- Until you are converted, you have an old nature, and that old nature controls you. You do what you want to do. But when you are born again, you receive a new nature. The time comes when you have to make a decision as to which nature you are going to live by. You must make a determination in this matter of yielding to the Lord.
- As a believer you cannot live in harmony with both natures. You are going to have to make a decision.
- I would like to call your attention to the remarkable comparison between the births of Isaac and of the Lord Jesus Christ. 1. The birth of Isaac and the birth of Christ had both been promised. 2. With both births there was a long interval between the promise and the fulfillment. 3. The announcements of the births seemed incredulous and impossible to Sarah and to Mary. 4. Both Isaac and Jesus were named before their births. 5. Both births occurred at God’s appointed time. 6. Both births were miraculous. 7. Both sons were a particular joy of their fathers. 8. Both sons were obedient to their fathers, even unto death. 9. Finally, the miraculous birth of Isaac is a picture of the resurrection of Christ.
- If you were to designate the ten greatest chapters of the Bible, you would almost have to include Genesis 22. One of the reasons for that is that this is the first time human sacrifice is even suggested. It is in the plan and purpose of God to make it clear to man that human sacrifice is wrong. This incident reveals that. It also reveals that God requires a life to be given up in order that He might save sinners.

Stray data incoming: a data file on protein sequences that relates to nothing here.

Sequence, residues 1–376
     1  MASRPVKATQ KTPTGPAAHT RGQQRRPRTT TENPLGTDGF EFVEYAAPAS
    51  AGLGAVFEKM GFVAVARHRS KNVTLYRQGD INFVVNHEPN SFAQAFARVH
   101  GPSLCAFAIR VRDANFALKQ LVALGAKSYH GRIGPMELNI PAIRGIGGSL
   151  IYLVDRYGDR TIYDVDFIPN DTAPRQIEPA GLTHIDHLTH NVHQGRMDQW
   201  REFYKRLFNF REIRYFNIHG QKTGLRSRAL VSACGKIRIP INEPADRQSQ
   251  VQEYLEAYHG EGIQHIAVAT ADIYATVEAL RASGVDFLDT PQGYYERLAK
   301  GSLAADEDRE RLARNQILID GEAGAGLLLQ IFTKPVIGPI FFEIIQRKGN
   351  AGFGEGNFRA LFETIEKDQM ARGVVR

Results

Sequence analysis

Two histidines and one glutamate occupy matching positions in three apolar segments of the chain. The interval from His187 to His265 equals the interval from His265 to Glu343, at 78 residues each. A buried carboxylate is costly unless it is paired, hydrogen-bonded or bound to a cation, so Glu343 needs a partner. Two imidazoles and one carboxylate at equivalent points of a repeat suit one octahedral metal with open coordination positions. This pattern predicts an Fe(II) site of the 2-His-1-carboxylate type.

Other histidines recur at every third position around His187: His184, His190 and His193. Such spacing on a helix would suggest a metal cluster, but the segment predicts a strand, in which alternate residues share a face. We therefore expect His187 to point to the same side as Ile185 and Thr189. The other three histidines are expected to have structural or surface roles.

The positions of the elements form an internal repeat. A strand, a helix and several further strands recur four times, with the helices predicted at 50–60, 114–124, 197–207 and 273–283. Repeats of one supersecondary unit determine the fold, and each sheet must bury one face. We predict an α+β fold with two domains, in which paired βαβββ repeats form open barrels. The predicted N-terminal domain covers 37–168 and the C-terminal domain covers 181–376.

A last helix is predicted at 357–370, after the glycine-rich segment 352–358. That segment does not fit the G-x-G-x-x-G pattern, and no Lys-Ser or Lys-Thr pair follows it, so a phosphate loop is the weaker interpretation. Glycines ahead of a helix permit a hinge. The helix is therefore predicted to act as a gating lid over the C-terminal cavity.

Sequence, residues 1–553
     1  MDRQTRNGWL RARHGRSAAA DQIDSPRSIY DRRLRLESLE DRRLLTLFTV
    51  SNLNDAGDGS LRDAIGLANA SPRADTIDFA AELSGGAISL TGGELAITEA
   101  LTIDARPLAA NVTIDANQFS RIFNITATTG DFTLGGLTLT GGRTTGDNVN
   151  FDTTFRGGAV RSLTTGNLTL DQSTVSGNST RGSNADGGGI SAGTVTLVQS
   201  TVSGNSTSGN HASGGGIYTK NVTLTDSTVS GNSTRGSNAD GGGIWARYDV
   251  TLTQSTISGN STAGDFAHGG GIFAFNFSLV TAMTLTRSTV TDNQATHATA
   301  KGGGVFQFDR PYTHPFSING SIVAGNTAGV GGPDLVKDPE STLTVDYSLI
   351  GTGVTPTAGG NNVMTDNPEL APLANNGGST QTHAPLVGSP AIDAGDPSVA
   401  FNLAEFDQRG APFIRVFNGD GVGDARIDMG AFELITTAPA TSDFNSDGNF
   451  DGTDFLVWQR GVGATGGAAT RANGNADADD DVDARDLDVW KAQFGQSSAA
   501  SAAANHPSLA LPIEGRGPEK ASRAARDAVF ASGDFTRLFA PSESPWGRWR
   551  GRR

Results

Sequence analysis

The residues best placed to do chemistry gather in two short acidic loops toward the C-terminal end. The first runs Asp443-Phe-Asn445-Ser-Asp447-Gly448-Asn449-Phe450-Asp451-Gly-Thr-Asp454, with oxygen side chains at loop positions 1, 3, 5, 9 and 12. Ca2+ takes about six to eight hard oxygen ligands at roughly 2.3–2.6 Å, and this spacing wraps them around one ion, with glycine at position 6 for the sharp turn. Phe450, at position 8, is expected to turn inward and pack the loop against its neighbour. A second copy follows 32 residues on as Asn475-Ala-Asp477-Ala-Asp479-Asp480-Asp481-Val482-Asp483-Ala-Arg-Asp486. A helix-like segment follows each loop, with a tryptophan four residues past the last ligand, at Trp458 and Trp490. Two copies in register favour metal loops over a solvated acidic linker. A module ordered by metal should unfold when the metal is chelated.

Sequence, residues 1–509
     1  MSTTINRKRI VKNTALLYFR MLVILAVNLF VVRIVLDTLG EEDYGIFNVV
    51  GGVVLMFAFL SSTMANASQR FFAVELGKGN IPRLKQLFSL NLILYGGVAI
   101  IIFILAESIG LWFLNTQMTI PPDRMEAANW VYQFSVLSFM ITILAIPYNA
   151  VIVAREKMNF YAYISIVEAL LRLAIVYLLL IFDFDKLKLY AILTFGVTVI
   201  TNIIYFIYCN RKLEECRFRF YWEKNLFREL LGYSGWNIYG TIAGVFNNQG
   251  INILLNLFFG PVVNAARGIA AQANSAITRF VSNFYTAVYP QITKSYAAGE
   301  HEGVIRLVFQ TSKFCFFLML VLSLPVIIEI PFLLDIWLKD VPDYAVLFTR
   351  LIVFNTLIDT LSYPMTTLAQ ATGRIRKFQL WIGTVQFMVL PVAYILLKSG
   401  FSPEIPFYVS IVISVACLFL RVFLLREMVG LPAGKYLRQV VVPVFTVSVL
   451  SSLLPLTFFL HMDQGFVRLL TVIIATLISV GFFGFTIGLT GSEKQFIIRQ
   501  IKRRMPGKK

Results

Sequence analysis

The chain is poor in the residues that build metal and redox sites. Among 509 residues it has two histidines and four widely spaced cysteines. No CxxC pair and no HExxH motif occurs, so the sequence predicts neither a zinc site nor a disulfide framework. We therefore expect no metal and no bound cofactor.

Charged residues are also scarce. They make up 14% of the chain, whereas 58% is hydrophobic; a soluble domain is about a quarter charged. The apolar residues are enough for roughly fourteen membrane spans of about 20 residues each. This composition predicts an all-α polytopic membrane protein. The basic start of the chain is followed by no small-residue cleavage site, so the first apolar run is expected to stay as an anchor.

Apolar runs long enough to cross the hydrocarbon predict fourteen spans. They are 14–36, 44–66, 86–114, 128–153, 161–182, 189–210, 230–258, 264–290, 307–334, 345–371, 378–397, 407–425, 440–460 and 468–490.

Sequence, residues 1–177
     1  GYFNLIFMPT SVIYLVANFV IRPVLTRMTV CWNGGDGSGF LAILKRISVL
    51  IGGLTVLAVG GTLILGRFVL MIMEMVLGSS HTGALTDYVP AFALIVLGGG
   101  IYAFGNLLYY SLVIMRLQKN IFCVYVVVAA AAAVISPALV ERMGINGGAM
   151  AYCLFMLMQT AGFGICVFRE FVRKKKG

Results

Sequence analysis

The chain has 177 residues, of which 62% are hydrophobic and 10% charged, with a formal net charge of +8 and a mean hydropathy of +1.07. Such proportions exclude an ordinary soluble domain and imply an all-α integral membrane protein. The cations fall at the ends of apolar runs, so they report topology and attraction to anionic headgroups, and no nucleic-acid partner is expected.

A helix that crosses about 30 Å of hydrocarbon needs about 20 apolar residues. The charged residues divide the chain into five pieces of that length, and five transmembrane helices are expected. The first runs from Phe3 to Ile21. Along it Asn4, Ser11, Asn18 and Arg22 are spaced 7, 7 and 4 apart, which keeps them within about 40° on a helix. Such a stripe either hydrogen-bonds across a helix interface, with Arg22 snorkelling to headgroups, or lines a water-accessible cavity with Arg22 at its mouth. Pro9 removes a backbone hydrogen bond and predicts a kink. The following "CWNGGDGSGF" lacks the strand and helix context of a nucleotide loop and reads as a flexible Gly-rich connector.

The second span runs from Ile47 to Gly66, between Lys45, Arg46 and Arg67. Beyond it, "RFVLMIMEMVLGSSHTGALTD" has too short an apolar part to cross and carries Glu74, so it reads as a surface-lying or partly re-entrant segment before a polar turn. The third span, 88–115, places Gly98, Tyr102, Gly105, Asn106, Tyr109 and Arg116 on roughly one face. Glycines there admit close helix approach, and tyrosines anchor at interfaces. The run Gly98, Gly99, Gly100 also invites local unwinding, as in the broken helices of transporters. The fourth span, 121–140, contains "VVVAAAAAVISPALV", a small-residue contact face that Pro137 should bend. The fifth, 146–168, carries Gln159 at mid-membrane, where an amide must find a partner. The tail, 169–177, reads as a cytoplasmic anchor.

- Not only in the birth of Isaac, but now also in the sacrifice of Isaac, there is a strange similarity to the life of our Lord.
- Since he is called a “lad” in this chapter, you would not gather that he actually was in his thirties—probably around 30 or 33 years of age.
- Let’s not say that the Lord Jesus died in the exact spot—we don’t know—but certainly He died on the same ridge, the same mountain, on which Abraham offered Isaac.
- Isaac is not just a little boy whom Abraham had to tie up. He is a grown man, and I believe that Isaac could have overcome Abraham if it had come to a physical encounter. But Isaac is doing this in obedience.
- I believe that any person whom God calls, any person whom God saves, any person whom God uses is going to be tested. God tested Abraham, and God tests those who are His own today.
- There are two institutions that God has given to the human family: one is marriage, and the other is human government (God permits man to rule himself today).
- The home is the backbone of any society—God knew that—and He established marriage, intending that it give strength and stability to society. The same thing is true relative to human government—a government must have the power to take human life in order to protect human life—that is the purpose of it.
- The twenty-fourth chapter of Genesis is one of the richest sections of the Word of God because it tells a love story that goes way back to the very beginning.
- There are two things that I want you to notice as we go through this chapter. One is the leading of the Lord in all the details of the lives of those involved.
- If God could lead in the lives of these folk, He can lead in your life and my life.
- The second thing to notice in this chapter is the straightforward manner in which Rebekah made her decision to go with the servant and become the bride of lsaac.
- He says to this servant, “You can count on God to lead you. God has promised me this.” Abraham is not taking a leap in the dark—faith is not a leap in the dark. It must rest upon the Word of God.
- It is wonderful for you to believe God, but do you have something in writing from Him?
- Faith is acting upon the Word of God. Faith rests upon something. God wants us to believe His Word and not just believe.
- It is pious nonsense to think that you can force God to do something, that God has to do it because you believe it.
- God wants us to bring our needs to Him, but He has to be the One to determine how He will answer our prayers.